Considering the statistics from the Gallop Report on Employee Engagement, the prospects of losing employees are great, and the cost associated with that loss is ever-increasing.  Building and maintaining an engaged workforce adds value to your customers and your bottom line.


True North can help by co-designing and conducting an objective employee engagement survey that will statistically measure your organization’s current level of employee engagement and performance providing you with an objective report detailing our findings.  We then work with your team to develop performance-based initiatives to enhance employee experience. Going forward, if you like, we will periodically monitor employee engagement and performance levels of your organization & the impact on your bottom line.

Ever wonder about your organization’s current level of employee engagement and performance and

how is it impacting your bottom-line?


Ask us about our Cardinal Points Global Performance Survey “GPS”.

Today Brand Management and Brand Experience are just as important, if not more so

than Brand Awareness.

At True North, we work with our clients to align their Vision, Value, Mission, and Brand Promise Statements with the core competencies found in The Cardinal Points of Business© helping our clients craft a Brand Awareness Strategy focused on what matters most...customer satisfaction.  Expand your Brand Awareness by alignment with and implementing the Cardinal Points of Business (c). 

Entrepreneurial Experience & Credentials

Built, Sold, and Successfully Transitioned 2 Businesses

Columbia University

Graduate Executive & Organizational Coaching Program

3CP Designation

Certified Executive Coach  

Center for Executive Coaching

Advanced Certificate Family Business Advisor

Family Firm Institute


Advanced Certificate Family Wealth Advisor

Family Firm Institute


Institute for Preparing Heirs

Family Dynamics & Wealth Transfer Program

Competitive Strategy Studies 

The Wharton School

Executive Studies

Certified Emotional Intelligence Practitioner

Genos International &

The Ei Academy

Certified Customer Experience CX Pro

Forresters CX Program

PuMP Certified 

Performance Measurement


Bachelor of Science, Business Administration

Arkansas State University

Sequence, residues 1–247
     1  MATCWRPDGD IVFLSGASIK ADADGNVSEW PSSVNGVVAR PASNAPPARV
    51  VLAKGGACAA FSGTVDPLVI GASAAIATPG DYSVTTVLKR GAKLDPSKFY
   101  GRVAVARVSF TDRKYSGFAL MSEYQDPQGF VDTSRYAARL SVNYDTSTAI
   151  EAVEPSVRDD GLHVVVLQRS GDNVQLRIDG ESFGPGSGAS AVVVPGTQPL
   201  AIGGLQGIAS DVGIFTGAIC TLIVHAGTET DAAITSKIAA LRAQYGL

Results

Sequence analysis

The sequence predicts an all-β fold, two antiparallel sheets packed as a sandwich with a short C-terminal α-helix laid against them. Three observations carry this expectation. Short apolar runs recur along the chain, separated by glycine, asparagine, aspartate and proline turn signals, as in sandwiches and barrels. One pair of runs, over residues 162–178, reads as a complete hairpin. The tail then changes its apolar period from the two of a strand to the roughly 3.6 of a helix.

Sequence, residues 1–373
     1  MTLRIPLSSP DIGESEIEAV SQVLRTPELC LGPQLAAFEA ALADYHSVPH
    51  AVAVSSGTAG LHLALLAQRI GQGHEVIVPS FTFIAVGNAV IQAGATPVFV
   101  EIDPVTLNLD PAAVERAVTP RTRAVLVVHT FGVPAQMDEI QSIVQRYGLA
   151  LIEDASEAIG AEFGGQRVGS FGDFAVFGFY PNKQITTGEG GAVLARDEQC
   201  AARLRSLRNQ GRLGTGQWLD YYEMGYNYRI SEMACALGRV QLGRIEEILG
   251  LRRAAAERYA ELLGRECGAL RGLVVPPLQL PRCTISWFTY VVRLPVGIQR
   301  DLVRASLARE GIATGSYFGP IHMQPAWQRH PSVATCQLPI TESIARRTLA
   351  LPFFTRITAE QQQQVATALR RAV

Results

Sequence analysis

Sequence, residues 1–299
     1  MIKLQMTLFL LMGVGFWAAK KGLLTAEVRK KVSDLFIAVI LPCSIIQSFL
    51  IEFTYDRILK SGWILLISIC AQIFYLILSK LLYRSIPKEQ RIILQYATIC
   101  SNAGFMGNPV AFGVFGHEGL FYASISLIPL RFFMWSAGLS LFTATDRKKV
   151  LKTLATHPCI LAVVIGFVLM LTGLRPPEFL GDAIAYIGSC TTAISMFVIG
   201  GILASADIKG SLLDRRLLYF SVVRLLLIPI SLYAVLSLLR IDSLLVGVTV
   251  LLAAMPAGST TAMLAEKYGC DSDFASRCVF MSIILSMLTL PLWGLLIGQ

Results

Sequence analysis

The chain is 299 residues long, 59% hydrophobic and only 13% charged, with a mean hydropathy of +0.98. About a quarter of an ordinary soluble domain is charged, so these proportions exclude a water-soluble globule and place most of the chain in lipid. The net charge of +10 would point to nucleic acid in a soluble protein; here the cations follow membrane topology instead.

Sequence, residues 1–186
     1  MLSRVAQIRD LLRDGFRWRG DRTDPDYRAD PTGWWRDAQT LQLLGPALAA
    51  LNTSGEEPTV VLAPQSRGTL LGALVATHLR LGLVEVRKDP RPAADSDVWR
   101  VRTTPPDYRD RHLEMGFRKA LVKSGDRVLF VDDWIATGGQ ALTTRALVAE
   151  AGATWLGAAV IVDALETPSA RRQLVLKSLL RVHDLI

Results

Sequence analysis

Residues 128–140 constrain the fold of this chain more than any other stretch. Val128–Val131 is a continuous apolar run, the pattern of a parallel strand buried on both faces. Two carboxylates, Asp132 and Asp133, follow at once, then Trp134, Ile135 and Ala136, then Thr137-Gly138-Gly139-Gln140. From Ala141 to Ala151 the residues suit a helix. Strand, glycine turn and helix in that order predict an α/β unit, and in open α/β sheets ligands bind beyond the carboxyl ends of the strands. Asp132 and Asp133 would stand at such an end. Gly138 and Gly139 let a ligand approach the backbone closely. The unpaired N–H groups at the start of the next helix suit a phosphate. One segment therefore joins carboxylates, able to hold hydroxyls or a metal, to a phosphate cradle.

• Bo Boykin

Leadership—Overcoming Disappointment What if…Sam Walton had Stayed in Newport?

A few weeks ago my wife and I were driving from our home in Tampa to our daughter’s in Dallas. As we passed another tractor trailer in the never ending chain of trucks along I-75, I noticed its familiar blue lettering, Walmart—Bentonville, Arkansas.

As a native Arkansan, I recalled that Sam Walton began his business career in Newport, Arkansas about 30 miles from my hometown of Batesville. With miles and time ahead of me I began to wonder…why did Sam Walton move from Newport to Bentonville?

The story that unfolded involved decisions made by two family businesses—one mature, transitioning into its third generation; the other, in its infancy—and the consequences of those decisions on two small towns.

The answer as to why Mr. Walton left Newport came easily, but left nagging questions and many—what ifs.

The simple reason Sam Walton moved his business from Newport to Bentonville was that he lost his lease. In fact, Walton later stated that he felt as if he was run out of town by his landlord. But was he?

The Walton’s story in Newport begins in 1945 when, with the help of a $20,000 loan from his father-in-law, and $5,000 he saved while serving during World War II, Walton opened a Ben Franklin five-and-dime store on Front Street in Newport, at the time the main street for most downtown retail businesses.

Back then, five-and-dime stores were the equivalent of today’s dollar stores. In fact, the Chicago-based franchise is still around today, but in the forties, fifties, and early sixties they seemingly were in every small town in the South.

The town of Newport certainly qualified for Ben Franklin’s small town target market. According to the 1950 Census Report, Newport had a population of around 5,000; its county Jackson, had a population of about 25,000. Newport is located about ninety miles east of Memphis, Tennessee and during the 40s and 50s, was a farming and railroad town.

Despite two things—Newport’s small size and Walton’s admitted lack of retail experience—over the next few years the little store set records for Ben Franklin stores throughout the region. As reported in the Harvard Business Review, July 2001, Walton’s store grew from $72,000 in gross sales to $105,000 in its first year. In the second year, sales increased to $140,000 and a year later to $175,000. By the fifth full year of operations, the little store that could had gross sales of $250,000 for a five year compound annual growth rate of just over 28% making Walton’s five-and-dime the leading variety store in Arkansas. Not bad for a store that Walton later describe as “a dog of a store” at the time he bought it.

Mr. Walton’s approach to his retailing was to keep expenses low, purchase inventory at the lowest price possible, regardless of the source, and pass the savings onto the customers. To Walton, the low cost approach was just good old common sense, but it ran counter to the Chicago-based Ben Franklin franchise model owned by the Butler Brothers. However, the sales numbers Walton was producing kept the corporate office back in Chicago appeased and, I’m sure, intrigued. This approach, to drive value for the customer through low prices, became a foundational component of Walmart’s long term competitive strategy.